In coming weeks, Hennepin County will consider retooling a measure approved last year that calls for the county to pay up to $200 million more should the proposed Southwest light-rail project run out of money.

The extra financial cushion from county coffers is being required by the Federal Transit Administration (FTA), which is on the hook to pay for $929 million of Southwest’s total $2 billion price tag. The Metropolitan Council, which is building and will operate Southwest, is expected to apply for an FTA grant later this year.

“This was a request of the FTA, and we’re responding to that request,” said Met Council spokeswoman Kate Brickman. “But we don’t expect it will be needed.”

The Southwest LRT, an extension of the Green Line, will link downtown Minneapolis with Eden Prairie, with service in St. Louis Park, Hopkins and Minnetonka as well. Slated to begin service in 2023, the Southwest line is the largest public works project in Minnesota history.

The Hennepin County Board in coming weeks will consider a measure committing up to $200.3 million, or 10% of the project’s budget, to “cover potential cost increases or funding shortfalls.”

The County Board and the Hennepin County Regional Railroad Authority are expected to vote on the resolution June 4.

The project’s budget already includes $239 million in contingency funds.

But the FTA has indicated that it needs assurances of additional local funding before it invites the Met Council to apply for the federal grant. All transit projects in the FTA’s New Starts program, which includes the Southwest line, the Bottineau Blue Line light rail and the Gold Line bus-rapid transit in the Twin Cities, are required to provide the 10% cushion.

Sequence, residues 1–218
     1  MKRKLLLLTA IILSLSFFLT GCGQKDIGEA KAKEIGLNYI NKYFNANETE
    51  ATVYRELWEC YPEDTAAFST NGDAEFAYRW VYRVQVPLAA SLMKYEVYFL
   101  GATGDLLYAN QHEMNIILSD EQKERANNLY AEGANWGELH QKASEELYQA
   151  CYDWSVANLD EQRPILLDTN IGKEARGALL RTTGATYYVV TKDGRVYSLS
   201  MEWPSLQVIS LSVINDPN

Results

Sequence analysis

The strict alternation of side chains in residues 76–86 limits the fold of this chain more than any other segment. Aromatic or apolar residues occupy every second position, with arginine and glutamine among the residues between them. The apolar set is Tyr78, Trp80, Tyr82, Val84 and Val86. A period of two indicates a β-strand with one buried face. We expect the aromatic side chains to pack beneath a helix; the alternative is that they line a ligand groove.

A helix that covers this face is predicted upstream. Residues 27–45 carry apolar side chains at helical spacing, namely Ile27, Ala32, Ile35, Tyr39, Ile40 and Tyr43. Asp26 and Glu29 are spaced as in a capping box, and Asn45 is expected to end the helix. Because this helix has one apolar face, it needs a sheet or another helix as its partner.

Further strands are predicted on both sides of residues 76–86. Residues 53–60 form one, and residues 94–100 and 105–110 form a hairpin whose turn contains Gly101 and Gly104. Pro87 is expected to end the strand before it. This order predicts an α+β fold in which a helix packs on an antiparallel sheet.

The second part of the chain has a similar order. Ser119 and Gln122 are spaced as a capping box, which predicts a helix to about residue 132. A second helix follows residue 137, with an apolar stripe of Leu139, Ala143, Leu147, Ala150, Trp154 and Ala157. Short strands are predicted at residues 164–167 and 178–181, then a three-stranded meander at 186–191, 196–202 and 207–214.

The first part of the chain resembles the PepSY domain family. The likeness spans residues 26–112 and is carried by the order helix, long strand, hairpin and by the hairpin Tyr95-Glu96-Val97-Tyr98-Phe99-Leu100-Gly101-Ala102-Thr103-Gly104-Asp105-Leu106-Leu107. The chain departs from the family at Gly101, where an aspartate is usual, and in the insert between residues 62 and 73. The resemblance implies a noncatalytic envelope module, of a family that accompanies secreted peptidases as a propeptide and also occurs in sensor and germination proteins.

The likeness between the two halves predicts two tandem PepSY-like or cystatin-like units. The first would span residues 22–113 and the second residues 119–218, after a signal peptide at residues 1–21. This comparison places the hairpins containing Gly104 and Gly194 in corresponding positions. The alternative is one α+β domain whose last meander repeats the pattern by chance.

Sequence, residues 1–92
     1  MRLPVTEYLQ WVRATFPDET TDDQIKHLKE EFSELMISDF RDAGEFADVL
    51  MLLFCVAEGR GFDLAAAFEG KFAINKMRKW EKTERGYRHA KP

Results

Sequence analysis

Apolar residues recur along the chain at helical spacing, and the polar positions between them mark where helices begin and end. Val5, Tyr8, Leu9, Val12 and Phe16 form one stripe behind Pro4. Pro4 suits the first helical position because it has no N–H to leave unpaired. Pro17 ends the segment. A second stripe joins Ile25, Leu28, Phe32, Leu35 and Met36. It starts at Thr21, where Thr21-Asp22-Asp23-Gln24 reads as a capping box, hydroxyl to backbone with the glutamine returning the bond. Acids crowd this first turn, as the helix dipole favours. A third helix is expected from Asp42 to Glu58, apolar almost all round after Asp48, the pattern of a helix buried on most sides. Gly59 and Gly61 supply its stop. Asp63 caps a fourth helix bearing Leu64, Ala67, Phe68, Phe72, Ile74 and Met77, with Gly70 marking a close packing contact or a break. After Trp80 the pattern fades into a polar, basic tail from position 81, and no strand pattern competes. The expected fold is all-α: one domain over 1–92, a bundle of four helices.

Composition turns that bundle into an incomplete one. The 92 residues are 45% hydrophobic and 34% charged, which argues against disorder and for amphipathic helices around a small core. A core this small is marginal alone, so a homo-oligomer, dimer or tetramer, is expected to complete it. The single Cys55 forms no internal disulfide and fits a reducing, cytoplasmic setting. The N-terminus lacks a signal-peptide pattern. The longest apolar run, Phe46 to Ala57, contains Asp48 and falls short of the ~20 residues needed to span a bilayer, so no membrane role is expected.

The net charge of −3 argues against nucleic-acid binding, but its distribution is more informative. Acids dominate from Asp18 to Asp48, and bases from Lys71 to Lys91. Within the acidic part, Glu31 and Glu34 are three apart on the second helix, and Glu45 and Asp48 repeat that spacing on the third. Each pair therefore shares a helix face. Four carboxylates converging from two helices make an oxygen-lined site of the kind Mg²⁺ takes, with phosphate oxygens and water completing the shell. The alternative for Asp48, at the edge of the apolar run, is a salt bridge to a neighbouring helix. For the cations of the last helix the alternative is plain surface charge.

While the $200.3 million buffer was approved last year, the FTA now takes exception with the earlier resolution that says the additional money will only be used if all other funding is “exhausted.”

Earlier this month, construction began along the Southwest line’s 14.5-mile route, including the removal of trees in the Kenilworth corridor, a popular bike and pedestrian path in Minneapolis. That prompted local residents to circulate a petition that called for a halt to the tree removal until federal funding for the Southwest line is assured.

The petition, which garnered more than 2,900 signatures, was presented to Gov. Tim Walz’s staff last week.